But it was in 1989 that Goldcorp made its move as a gold industry player, rather than a lender and finance house. In February of that year, Corona Corp. bid for ownership of Dickenson Mines and affiliated Kam-Kotia Mines. Dickenson, which owned its namesake mine in Red Lake, and Kam-Kotia, which had moved out of metal mining to become an industrial minerals producer in Saskatchewan, were languishing, and the bid piqued some market interest in the old producers. Both were management-controlled, and with each company holding the controlling interest in the other, they looked like a difficult target.
With Corona offering $7.15 for Dickenson’s B-series shares and $2.50 for Kam-Kotia’s, a major shareholder, Pamour, agreed to sell its holdings in the two companies. This set Dickenson management looking for a white-knight bidder.
It was CSA and Goldcorp that rode up, armed with an earlier agreement from Pamour to trade its Dickenson and Kam-Kotia holdings for CSA’s holding in Pamour’s affiliate Pamorex Minerals. Goldcorp launched its own bid for the two companies, offering $9 a share for a majority holding of the Dickenson B shares and $3 a share for half of Kam-Kotia. And — unlike Corona — it also bid cash for Dickenson’s subordinate-voting A shares.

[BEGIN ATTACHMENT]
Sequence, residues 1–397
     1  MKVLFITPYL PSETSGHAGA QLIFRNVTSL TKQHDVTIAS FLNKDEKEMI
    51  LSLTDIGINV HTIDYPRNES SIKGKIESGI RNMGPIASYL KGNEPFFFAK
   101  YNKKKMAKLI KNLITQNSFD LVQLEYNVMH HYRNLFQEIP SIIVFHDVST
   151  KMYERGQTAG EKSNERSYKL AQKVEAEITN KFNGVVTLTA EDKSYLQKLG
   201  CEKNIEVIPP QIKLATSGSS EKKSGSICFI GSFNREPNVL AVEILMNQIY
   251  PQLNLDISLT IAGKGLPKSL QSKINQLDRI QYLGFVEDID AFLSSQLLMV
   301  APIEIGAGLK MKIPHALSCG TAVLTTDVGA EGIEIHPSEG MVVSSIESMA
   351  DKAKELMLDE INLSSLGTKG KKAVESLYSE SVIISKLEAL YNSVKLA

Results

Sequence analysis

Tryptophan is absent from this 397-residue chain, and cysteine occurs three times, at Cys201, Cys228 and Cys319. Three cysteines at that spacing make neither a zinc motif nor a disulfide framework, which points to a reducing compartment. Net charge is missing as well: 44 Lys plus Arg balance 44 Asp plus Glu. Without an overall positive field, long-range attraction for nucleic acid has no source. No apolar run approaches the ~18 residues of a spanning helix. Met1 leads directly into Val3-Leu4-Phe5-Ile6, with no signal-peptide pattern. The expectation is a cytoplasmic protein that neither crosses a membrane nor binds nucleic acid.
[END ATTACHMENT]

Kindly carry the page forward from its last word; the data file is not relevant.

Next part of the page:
The battle wound up in the courts, with the Supreme Court of Ontario ultimately dismissing an injunction Corona had obtained. In the end, Goldcorp had majority interests in both Dickenson and Kam-Kotia, and effective control, through Dickenson, of Wharf Resources, which held the Wharf gold mine in South Dakota.
That was the end of a takeover battle, but the start of another series of wrangles. These included a lawsuit by investor Reginald Howe (now best known as the plaintiff in the “gold price conspiracy” lawsuit), who claimed that Goldcorp had improperly changed the nature of its business by becoming a holding company — a curious irony, considering Goldcorp’s objections to Equity Preservation’s plans a couple of years earlier.